Endocrine disruptors are chemicals that interfere with the endocrine — or hormone — system. More than 150 studies have linked endocrine-disrupting chemicals to a long list of health problems, including heart disease, obesity, breast and prostate cancer, diabetes, infertility, and the feminization of males.
Even small amounts of these compounds can be harmful, and they are ubiquitous in daily life. Two of the most prevalent endocrine-disrupting chemicals (EDCs) are bisphenol A (BPA) and phthalates.
BPA is found in plastic bottles, canned foods, and water supply pipes, where it leaches into liquids. It is also found in products as widespread and diverse as cash register receipts, compact discs, and contact lenses, where it seeps into skin. Phthalates are found in plastics, cosmetics, flame retardants, and pesticides.
Avoiding these life-changing chemicals is difficult, but not impossible, says Dr. Russell Blaylock. “It’s essential to avoid them, especially pesticides, herbicides and fungicides as well as plastics that contain BPH and phthalates,” he tells Newsmax Health.
• Eat organic produce when possible. If not available or if your budget won’t allow it, choose from the Environmental Working Groups list to choose products with the least amount of chemical residue (https://www.ewg.org/foodnews/clean_fifteen_list.php#.Wockpn9JmUk)
• Shun soy. “Soy products are the No. 1 endocrine disrupters in our environment and food supply,” says Blaylock, author of The Blaylock Wellness Report. “There is compelling evidence that feeding soy products during the period of brain development disrupts the normal sexual differentiation of males and female infants, resulting in delayed onset of sexual maturation and most importantly, alters the complex behavioral development that differentiates males and females — hence the incredible population growth of ‘soy boys.'”
• Avoid buying plastic containers with the recycling labels No.3, No.7, or PC (polycarbonate) on the bottom. Instead, look for containers labeled No. 1, No. 2, No.4 and No.5. Cloudy or soft containers don’t contain BPA.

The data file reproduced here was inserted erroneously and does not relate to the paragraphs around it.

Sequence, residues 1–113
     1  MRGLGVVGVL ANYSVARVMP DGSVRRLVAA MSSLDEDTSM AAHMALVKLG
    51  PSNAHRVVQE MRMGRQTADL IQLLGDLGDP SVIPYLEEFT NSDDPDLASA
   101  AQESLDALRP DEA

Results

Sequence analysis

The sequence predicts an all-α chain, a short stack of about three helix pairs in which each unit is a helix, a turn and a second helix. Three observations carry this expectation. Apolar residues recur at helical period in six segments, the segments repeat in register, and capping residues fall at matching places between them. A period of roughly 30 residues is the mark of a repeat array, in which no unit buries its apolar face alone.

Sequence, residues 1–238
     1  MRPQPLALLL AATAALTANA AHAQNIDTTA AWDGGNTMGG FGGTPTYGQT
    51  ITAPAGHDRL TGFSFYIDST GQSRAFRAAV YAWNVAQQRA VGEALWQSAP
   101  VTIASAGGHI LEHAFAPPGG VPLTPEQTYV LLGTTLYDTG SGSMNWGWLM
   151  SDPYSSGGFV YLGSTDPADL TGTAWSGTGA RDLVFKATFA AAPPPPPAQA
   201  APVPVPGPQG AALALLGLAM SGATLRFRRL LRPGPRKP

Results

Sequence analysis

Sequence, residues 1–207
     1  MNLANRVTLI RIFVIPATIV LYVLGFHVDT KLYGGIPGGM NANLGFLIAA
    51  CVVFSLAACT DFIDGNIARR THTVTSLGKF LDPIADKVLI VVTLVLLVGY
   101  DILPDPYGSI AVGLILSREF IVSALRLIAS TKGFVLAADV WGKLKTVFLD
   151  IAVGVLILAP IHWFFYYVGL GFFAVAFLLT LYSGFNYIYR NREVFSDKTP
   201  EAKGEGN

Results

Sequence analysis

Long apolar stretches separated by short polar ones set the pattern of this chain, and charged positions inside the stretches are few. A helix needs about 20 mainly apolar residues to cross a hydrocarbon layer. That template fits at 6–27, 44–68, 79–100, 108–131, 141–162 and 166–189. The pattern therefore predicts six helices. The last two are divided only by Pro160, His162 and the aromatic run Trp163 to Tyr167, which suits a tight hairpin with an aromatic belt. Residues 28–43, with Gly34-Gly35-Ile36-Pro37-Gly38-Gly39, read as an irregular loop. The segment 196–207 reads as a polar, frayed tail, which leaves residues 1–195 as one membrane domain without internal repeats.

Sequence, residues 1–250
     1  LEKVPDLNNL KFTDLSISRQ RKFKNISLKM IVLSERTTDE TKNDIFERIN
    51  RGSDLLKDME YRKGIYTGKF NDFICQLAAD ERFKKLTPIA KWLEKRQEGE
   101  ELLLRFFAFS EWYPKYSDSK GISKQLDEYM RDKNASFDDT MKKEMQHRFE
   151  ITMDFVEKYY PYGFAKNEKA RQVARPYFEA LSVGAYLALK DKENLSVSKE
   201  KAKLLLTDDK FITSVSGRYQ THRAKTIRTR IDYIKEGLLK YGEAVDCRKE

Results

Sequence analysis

• Buy powdered baby formula instead of liquid. If you do choose liquid formulas, pick only those in glass bottles. Also, don’t try to lose weight while breastfeeding because disruptors could be stored in your body fat and released in milk.
• Look for “BPA-free” labels on food products, and purchase foods packaged in glass or cartons instead of cans, especially soups and tomato-based products. If you must buy canned, rinse thoroughly before using if possible. Check the liners of cans. If it’s white, it contains BPA. If it’s a yellowish, reddish, copper, or pinkish color, it’s BPA-free. Even foods labeled “organic” may be in cans that contain BPA.
• Clean your home with simple products, such as hard soap, vinegar, and sodium bicarbonate.
• Use natural products on your lawn. “Round-Up is an endocrine disrupter and in today’s world it has contaminated virtually everything,” says Blaylock, “It is in the soil, the air, ground water, foods, and has even been detected in vaccines.”
• Use glass, stainless steel, or porcelain containers to heat food. Avoid non-stick pans. Don’t heat plastic containers, and always wash them by hand. Toss them in the garbage if they are scratched or cracked.
• Eat wild-caught fish. Farmed fish often contain pesticides and dioxins as well as antibiotics.
A new study found that endocrine-disrupting chemicals are linked to the frustration many dieters face when they regain much of the weight they lost. Women who had the highest levels of chemicals in their blood were the most vulnerable to regaining lost weight.
But a study reported in the Journal of Women’s Health offers dieters hope. It found that avoiding chemicals can spur weight loss. Researchers found that women who avoided BPA for three weeks had large reductions in the amount of the chemical in their urine. In addition, they showed significant weight loss. Women in the control group who did not avoid BPA had substantial increases in both urinary BPA levels and weight gain.
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